On the subject of planting trees.

Several years ago, I wrote my first blog on climate change.  Although it was somewhat tongue-in-cheek and not festooned with research data, I still stand behind what I said from a common sense perspective.  And what I had said was that one way to stop “global warming” was to plant more trees.  I don’t thing the GW hard-cores actually took me to heart, but suddenly I hear them talking about planting trees, lots of them.  What gives?  Did I accidentally out myself as a GW believer?

To be fair, tree planting in my mind has very little to do with GW.  Yes, itI could have a significant impact on a local area.  But that’s not to say it will do much in a global way.  My thinking with tree-planting is more about conservation of precious natural resources that are at risk because of deforestation.

When Mao told Chinese peasants to build and operate smelters in the late 50’s, he didn’t have the infrastructure to supply those kilns with coal or other fossil fuel.  The resourceful peasants began to denude the hillsides.   Not only did this allow for erosion of top soil, which contributed to famine, it also accelerated the consumption of ground water aquifers, which vastly increased the amount of wasteland that replaced once-fertile valleys. (See Huntoon.)  Returning trees to these regions will gradually rebuild the aquifers, although it is definitely no quick fix.  In other lands, such as the Sahara region unstable farming practices, exacerbated, no doubt, by political unrest, have not allowed for practices that preserve the habitat, thus greatly reducing the amount of arable land.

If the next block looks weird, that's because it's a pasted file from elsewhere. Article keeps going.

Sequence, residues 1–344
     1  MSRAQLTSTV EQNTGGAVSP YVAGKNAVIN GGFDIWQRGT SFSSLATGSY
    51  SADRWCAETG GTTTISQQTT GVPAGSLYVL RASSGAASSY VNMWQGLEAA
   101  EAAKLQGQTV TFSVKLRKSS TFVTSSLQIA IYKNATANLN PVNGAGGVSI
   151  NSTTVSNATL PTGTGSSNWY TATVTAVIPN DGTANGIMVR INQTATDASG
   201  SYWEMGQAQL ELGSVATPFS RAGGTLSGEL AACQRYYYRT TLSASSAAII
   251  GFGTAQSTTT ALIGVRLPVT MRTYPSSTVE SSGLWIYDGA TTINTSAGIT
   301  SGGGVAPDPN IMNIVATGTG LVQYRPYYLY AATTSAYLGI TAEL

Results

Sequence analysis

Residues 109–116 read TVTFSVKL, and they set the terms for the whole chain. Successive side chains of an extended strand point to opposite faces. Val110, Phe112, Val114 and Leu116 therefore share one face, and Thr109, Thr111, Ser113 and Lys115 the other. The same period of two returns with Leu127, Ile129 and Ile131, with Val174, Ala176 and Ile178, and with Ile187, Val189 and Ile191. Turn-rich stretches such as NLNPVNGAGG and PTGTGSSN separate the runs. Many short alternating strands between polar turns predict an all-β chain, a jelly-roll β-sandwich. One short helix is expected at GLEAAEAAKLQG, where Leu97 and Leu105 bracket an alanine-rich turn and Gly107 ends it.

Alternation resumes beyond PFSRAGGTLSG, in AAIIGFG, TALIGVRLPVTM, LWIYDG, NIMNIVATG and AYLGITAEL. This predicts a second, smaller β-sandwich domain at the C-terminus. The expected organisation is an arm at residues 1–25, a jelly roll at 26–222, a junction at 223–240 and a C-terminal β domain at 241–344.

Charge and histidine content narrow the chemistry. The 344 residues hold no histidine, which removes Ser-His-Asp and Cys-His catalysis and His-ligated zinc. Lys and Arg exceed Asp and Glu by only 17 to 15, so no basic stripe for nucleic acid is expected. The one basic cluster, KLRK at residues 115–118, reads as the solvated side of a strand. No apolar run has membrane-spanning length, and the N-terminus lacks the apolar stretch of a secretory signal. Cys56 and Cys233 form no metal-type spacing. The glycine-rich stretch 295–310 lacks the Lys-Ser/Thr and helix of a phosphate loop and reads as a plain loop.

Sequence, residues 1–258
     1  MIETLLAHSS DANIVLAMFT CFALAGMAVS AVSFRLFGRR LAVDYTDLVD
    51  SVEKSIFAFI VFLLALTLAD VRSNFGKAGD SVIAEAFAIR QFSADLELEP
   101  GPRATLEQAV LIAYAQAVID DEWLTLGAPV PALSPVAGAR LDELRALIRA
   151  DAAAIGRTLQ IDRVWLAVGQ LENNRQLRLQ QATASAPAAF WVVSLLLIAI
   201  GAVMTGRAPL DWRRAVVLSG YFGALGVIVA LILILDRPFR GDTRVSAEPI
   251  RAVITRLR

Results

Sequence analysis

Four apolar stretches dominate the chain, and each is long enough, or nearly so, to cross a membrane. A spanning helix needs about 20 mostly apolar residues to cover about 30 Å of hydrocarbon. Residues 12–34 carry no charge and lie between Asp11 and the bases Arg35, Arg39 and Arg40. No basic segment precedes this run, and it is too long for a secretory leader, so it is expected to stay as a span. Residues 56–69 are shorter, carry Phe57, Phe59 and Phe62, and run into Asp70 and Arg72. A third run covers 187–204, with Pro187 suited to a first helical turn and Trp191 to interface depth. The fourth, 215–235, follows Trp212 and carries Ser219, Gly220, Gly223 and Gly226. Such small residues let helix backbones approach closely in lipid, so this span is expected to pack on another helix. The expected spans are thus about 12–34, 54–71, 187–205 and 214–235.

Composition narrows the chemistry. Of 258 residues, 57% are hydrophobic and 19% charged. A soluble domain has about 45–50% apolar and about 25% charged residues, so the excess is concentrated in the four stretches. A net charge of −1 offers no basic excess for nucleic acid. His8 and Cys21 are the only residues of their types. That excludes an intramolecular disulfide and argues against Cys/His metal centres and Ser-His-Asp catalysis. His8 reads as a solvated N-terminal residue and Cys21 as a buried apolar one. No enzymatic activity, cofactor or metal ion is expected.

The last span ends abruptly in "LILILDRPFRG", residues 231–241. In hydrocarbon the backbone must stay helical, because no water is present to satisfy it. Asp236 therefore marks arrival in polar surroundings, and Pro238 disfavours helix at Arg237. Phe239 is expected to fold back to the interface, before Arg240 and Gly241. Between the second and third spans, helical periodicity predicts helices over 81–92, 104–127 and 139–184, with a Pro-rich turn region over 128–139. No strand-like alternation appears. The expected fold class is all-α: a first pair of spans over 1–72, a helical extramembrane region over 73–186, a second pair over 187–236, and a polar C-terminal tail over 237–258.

It is true that deforestation can lead to the increase in greenhouse gases.  However, if one reads the literature carefully, one also discovers that forestation can do the same thing.  And forestation can also reduce greenhouse gases.  It’s all about the balance of carbon in the atmosphere, in the form of carbon dioxide.  Trees eat carbon dioxide for food, but they also release it into the atmosphere under certain conditions.

Trees and plants store carbon.  Carbon is the main building block of life.  The more carbon stored, the more food available for carbon-based life forms, such as humans.  The thought has been that humans have, by burning wood and other fossil fuels, pumped unrecoverable amounts of carbon into the atmosphere, and that these actions have accelerated global warming.  So far, there is no credible evidence of this, despite what we have been led to believe in the media.

I agree that trees help offset the release of carbon.  But, by the scientists’ own admission, trees also increase the amount of greenhouse gasses.  Any attempt to claim the the net result is global warming have failed miserably.  However, I still believe that we should plant more trees.  As the cycle of climate, which vacillates over the centuries, begins again to return us to an ice age, trees will help create more inhabitable land around the equator.  This will become more important as people begin slowly migrating toward the equator to escape the harsher conditions near the arctic and anarctic lines, as the polar ice caps grow.

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